I still don’t know how I’ll vote in autumn 2014. But a few days ago, one thing at least was made definite for me: the Better Together vote is going to win. I’m certain enough of that to lay a bet on it, if I were the gambling sort.
What made me so sure?
It’s not just that the SNP are saying blithely that Independence Day will be March 2016, though that is a highly-unrealistic timescale. (It’s also not a binding decision.)
On 11th May I predicted, correctly, that Barack Obama was going to be a two-term President. My certainty was founded in Obama’s own sense of political security: that’s when Obama opted to come out for repealing DOMA and in support of lifting the ban on same-sex marriage recognition: for gay marriage.
For the most part, there are two sorts of politicians who come out for LGBT equality: the very principled, who will stand up for what’s right regardless of what this does to their future career, and the very confident, who are sure of their future career regardless of what they say. Barack Obama is not the first sort of politician (that sort doesn’t become President of the United States) but he is superb at the job of getting elected. I was sure Obama was going to win.
I’m now sure that the SNP leadership is certain they won’t win the referendum in 2014: they can set a date of March 2016 for independence because that’s not in their plans. They can separate off the “Yes Scotland” campaign as officially not-really SNP, and the morning after the votes are counted and the result is published, the SNP can move on with their plans for contesting Scottish seats in the May 2015 Westminster election.
This is not to say that the SNP wouldn’t like to win an independence referendum or that the grassroots supporters aren’t working for a win. But what they’d like to happen and what they expect to happen are two different things: and getting a good high Yes vote but losing won’t hurt them politically as a party – a substantial proportion of the people who vote SNP don’t support independence, they support the party’s other policies and like the candidate.
Electoral Calculus reckons they could gain as many as nine seats, mostly from the LibDems, which if they retain their current six, could potentially give the SNP as much clout with the UK Labour party as the Democratic Unionist Party traditionally has with the Conservatives. With a Labour majority in double-figures, fifteen votes makes a useful ally – especially with a party discipline so lock-step that even on officially free votes, all SNP MPs vote or not-vote as their party requires them.
For the second reading of the equal marriage bill at Westminister, the SNP announced just as the debate was beginning:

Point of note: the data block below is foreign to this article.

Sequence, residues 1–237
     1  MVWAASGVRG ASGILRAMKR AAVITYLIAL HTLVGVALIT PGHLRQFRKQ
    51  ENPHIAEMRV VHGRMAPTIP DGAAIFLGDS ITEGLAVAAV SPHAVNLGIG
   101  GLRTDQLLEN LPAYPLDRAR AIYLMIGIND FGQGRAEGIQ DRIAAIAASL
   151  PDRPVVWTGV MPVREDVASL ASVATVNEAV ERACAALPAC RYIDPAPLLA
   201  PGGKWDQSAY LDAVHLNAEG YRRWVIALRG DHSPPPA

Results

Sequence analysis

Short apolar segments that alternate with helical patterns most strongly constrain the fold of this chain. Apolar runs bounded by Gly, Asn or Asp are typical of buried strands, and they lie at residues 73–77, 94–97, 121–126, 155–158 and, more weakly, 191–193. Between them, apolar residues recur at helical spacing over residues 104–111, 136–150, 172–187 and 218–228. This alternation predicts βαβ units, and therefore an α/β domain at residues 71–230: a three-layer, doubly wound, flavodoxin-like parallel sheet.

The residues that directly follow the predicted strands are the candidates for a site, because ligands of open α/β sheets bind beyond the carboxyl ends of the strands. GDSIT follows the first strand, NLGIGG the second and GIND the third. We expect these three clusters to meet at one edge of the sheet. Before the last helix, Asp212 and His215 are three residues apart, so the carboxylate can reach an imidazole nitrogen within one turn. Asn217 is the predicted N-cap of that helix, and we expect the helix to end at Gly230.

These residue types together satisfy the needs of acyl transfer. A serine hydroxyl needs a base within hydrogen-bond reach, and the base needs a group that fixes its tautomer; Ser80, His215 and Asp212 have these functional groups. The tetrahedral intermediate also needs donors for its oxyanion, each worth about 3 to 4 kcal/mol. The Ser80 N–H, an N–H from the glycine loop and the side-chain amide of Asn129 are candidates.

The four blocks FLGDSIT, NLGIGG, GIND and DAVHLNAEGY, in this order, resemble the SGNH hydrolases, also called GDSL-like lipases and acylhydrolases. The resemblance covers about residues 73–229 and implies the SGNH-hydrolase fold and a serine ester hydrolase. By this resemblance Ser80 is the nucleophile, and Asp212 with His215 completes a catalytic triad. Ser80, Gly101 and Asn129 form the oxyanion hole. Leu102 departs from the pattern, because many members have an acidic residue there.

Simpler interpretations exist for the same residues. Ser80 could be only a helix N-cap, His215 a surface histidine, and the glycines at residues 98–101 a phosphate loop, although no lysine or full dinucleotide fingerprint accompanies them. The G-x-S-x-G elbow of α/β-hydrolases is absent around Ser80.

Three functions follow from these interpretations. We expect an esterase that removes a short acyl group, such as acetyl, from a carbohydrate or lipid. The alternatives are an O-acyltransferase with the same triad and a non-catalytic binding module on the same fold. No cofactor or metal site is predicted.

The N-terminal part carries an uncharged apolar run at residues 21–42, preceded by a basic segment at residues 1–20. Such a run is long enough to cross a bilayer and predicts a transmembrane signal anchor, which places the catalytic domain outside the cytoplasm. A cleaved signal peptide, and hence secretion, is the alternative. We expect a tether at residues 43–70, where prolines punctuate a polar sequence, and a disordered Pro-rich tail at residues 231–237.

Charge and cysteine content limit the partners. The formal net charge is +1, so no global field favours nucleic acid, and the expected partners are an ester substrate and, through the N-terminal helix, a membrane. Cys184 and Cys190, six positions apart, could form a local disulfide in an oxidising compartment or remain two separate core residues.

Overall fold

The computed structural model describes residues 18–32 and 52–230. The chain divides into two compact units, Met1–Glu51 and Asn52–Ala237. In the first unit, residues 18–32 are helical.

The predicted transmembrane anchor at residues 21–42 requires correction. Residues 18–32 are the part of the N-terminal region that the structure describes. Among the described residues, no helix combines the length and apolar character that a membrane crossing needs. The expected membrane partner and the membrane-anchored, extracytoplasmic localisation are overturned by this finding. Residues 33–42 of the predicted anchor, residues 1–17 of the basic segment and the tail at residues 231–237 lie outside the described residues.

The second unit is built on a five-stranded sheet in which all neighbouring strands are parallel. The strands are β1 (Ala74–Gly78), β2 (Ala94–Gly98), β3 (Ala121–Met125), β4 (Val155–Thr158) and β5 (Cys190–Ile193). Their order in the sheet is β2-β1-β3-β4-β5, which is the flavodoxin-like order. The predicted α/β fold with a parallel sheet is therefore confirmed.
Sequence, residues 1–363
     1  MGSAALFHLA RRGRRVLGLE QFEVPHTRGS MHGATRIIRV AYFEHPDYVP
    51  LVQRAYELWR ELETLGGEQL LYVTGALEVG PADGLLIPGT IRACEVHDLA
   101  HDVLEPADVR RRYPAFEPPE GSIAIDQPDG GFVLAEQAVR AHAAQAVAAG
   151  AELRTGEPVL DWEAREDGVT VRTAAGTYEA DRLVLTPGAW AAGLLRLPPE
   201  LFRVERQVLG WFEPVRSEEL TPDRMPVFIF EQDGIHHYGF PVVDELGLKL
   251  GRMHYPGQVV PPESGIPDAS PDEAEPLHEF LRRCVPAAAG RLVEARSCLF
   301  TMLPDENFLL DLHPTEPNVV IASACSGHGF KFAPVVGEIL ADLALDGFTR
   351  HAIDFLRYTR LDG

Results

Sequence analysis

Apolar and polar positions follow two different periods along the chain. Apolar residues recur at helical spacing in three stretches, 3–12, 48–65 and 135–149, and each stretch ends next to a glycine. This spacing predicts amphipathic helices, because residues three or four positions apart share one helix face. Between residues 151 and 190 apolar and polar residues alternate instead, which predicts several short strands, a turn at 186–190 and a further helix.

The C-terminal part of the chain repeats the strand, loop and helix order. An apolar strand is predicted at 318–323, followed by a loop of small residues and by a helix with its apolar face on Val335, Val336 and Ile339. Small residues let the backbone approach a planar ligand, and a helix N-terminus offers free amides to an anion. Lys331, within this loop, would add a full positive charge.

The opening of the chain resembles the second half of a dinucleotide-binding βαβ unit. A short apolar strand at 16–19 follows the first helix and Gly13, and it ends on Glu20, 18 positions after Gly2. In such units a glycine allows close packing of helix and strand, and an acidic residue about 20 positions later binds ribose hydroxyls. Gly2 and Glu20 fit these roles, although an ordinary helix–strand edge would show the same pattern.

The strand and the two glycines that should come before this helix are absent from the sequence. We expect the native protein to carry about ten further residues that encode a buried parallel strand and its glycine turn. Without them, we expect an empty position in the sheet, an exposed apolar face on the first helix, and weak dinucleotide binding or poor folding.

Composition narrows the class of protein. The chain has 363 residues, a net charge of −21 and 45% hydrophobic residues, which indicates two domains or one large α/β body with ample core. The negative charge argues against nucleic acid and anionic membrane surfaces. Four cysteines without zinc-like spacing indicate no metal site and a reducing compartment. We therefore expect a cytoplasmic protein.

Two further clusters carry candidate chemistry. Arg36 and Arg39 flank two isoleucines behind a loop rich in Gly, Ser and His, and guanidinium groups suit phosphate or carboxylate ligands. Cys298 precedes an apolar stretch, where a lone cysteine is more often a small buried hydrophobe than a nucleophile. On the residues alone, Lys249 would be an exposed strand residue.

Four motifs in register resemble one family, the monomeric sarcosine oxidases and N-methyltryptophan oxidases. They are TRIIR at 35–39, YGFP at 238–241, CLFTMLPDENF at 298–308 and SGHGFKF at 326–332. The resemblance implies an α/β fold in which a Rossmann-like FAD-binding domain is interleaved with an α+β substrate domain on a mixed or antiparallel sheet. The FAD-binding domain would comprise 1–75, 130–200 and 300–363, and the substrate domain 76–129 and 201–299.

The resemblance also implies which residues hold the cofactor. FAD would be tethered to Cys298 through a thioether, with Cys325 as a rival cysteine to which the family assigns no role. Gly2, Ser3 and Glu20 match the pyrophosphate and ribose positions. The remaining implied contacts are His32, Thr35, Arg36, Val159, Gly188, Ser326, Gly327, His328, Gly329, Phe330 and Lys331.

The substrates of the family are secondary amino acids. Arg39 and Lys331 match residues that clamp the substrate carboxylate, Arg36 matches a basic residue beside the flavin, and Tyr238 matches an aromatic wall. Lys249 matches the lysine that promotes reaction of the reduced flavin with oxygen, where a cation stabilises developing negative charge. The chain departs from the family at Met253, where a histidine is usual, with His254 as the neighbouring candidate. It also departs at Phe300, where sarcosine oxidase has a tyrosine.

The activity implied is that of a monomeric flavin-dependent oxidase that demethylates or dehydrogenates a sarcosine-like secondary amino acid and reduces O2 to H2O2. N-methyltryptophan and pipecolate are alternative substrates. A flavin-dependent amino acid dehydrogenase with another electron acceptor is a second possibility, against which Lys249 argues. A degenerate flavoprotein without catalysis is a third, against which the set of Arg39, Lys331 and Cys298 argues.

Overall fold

On principle, SNP MPs do not vote on matters exclusive to England and Wales and so will not be voting today on #equalmarriage
— The SNP (@theSNP) February 5, 2013
The Marriage (Same Sex Couples) Bill 2012-13 is not a matter “exclusive to England and Wales”.
Closely linked legislation, the Gender Recognition Act, is reserved legislation, applying across the UK: if the Westminster bill had failed, the Scottish Parliament would have had no direct power to remedy the discrimination against trans people by its own equal marriage legislation. For this reason alone, on principle the SNP MPs should have voted for the bill at the second reading (and there are other issues that will affect Scotland / Scottish law).
— Equality Network (@LGBTScotland) February 10, 2013
For all LGBT Scots, cisgender and transgender, the vote on 5th February matters, as a basic equality issue as James Mackenzie writes at Better Nation:
The UK is, unless and until the referendum is won, a single nation-state. Until that point it’s extremely hard to identify what does not affect Scotland, and the question of whether England and Wales deliver marriage equality certainly does matter to Scots.
People live, work and love across the border largely without thinking about it. If two Coldstream residents want to marry in Berwick-upon-Tweed, should SNP MPs not speak up for their right to do so irrespective of gender? What if one partner is from Gretna and the other from Carlisle? If the vote had been narrowly lost last night, the effect of the SNP group’s decision would have been to tell that couple they could only tie the knot in Gretna, an idea which admittedly has some historic resonance.
So what if English MPs can’t vote on the equivalent Scottish proposals? It’s not the SNP’s fault that we have this halfway house which institutionalises the West Lothian Question. Equality isn’t a dull managerial England-and-Wales-only issue of the sort Scots MPs might well be justified in avoiding. It’s a question entirely of principle.
Kate Higgins, writing at Burdzeyeview, noted that the six SNP MPs probably didn’t vote because they could not all have been persuaded to vote for.
Of the six, Pete Wishart and Eilidh Whiteford have been openly supportive: they, like Mike Weir and Angus Robertson, have signed the pledge to vote for Equal Marriage – though they didn’t! – (and so has Alex Salmond, by the way) – but Stewart Hosie’s attitude is unknown: and Angus MacNeil is the MP for the Western Isles, where the local authority were resistant to civil partnerships, let alone equal marriage.